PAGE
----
The premise of the story is that,Adam Sandler writes letters and saves numerous women from the monotony of prison life, and later when he gets into trouble with a drug cartel they return the favor by rescuing him.”

The film would be set in contemporary, Gatesville Texas. There are four women’s prisons located in Gatesville. And of course, Texas is famous for putting everyone in prison for a long sentences for little or no reason. The number of women in Texas prisons has tripled in the last ten years, as mass incarcerations have proven profitable to not only the state but also profitable for an array of business interests.

Writer Alan Nafzger has called on Governor Greg Abbott to, “end the prison industry.”

Recently, “Wheel of Fortune” host Pat Sajak spoke out against the Texas system and put a good word in for mercy and forgiveness out on social media. “How nice for those who have lived such exemplary lives that they can express glee when others have their lives ruined by a mistake, real or perceived,” Sajak tweeted last month.

The petition states, “Why don’t we have the ‘Adam Sandler’ character… sending letters to women in prison and being their friend and trying to help them adjust, giving them hope… and when they get out of prison he picks them up so they don’t have to ride the smelly bus back home… but his pickup truck is a junker, smoking and sputtering … worse than the bus. But his heart is in the right place… He’s the last “chivalrous” man on earth.”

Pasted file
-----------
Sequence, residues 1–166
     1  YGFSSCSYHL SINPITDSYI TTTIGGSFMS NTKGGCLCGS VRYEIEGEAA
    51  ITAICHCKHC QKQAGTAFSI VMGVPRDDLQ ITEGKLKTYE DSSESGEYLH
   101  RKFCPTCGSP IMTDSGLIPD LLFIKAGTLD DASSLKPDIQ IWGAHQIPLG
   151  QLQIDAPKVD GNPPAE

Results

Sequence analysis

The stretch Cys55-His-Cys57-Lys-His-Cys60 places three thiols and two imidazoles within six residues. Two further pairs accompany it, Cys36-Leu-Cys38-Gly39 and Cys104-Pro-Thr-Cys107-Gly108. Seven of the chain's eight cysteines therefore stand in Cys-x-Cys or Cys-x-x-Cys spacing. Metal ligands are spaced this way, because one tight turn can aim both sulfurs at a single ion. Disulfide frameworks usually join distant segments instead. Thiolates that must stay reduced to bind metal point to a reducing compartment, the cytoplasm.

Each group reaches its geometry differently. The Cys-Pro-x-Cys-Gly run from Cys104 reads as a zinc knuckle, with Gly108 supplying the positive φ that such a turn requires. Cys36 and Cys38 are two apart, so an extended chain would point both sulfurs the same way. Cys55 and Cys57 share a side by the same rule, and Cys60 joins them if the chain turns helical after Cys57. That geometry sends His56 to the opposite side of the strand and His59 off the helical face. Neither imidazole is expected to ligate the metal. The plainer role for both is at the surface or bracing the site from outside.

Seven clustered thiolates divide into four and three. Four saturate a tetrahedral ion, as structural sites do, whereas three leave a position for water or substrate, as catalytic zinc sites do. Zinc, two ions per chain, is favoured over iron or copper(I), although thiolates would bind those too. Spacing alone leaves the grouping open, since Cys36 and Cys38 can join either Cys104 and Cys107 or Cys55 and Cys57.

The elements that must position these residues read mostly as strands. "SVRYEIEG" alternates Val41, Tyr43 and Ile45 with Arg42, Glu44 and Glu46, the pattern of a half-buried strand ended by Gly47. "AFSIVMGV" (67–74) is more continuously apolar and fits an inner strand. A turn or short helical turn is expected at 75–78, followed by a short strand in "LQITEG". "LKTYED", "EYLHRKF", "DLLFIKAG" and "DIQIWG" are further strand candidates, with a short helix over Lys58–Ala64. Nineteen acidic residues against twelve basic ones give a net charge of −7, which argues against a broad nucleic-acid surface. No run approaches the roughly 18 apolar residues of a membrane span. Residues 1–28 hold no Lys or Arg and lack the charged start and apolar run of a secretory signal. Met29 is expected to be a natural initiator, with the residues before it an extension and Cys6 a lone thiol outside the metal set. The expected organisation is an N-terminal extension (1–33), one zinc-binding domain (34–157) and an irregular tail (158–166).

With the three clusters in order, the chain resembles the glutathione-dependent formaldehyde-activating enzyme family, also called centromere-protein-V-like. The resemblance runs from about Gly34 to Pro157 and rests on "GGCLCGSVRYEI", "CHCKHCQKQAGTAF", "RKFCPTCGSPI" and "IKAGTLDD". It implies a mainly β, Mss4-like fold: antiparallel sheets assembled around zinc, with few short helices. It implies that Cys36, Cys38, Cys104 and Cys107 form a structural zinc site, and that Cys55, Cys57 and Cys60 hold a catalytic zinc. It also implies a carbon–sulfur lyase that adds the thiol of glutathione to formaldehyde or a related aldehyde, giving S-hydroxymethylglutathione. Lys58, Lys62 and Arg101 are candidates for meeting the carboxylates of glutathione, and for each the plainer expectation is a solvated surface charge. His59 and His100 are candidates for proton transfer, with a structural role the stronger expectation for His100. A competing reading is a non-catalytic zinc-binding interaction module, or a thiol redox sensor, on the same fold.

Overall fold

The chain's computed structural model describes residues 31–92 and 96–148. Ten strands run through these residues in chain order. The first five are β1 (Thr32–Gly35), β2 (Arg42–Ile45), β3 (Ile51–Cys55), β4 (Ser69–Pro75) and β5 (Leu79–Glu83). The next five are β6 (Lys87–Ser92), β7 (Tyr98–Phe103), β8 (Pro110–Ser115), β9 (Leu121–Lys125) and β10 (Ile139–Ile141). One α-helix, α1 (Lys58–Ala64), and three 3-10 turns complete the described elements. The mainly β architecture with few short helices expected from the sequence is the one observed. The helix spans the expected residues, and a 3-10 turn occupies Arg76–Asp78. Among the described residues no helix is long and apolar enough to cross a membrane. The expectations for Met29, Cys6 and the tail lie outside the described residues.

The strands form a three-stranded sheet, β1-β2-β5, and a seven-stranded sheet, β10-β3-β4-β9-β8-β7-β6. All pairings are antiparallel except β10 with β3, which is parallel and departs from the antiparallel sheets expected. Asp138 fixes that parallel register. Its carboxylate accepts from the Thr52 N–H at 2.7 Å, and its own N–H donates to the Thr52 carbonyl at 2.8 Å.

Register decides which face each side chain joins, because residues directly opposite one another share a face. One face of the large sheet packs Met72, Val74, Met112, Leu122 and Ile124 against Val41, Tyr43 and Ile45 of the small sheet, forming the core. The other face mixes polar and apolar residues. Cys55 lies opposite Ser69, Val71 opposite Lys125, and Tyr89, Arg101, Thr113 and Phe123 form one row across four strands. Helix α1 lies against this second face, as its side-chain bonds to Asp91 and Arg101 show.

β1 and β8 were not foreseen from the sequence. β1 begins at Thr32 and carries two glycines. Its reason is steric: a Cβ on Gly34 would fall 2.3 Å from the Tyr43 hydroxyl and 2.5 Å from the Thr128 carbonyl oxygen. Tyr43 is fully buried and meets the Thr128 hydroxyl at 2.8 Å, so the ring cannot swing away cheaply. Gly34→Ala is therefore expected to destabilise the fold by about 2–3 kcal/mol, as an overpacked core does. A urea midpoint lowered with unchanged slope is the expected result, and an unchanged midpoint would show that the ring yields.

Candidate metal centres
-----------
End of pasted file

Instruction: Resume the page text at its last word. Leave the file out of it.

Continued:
Dan Futterman has not commented on the script, thusfar. A statement is expected soon.

Professor Nafzger has made a short treatment of the project available online.

He has made the finished script available at for select filmmakers.

Jana Sandler of Happy Madison Productions has also expressed interest in the screenplay.

Dan Futterman is a Actor, Producer, Writer known for Capote (2005), A Mighty Heart (2007), The Birdcage (1996), In Treatment (2008) and is represented by United Talent Agency (UTA), Peter Benedek.

——————- READ MORE ——————-

Ordinary Idea: A serial killer taunts police.


Commercial Twist: The gun fighter is a lady.

Ordinary Idea: A gun fighter faces off with an outlaw high-noon style.

There’s another thing that my list says about me. I would say that every single story on that list is in some way a fairy tale, and the fairy tale structure is one I use over and over in my own writing. But instead of launching into fairy tale structure (and confusing everyone completely!), I want to give that discussion its own chapter later, after we talk about basic structure.

· ASSIGNMENT: Analyze your master list of stories. What does the list say about the stories, themes, and characters that most appeal to you?

You need to create your list, and break those stories down to see why they have such an impact on you —because that’s the kind of impact that you want to have on your readers. My list isn’t going to do that for you. Our tastes and writing and themes and turn-ons are too different, even if they’re very similar. So try it:

Every time I teach a story structure class, it’s always fantastic for me to hear people’s lists, one after another, because it gives me such insight into the particular uniqueness of the stories each of those writers is working toward telling.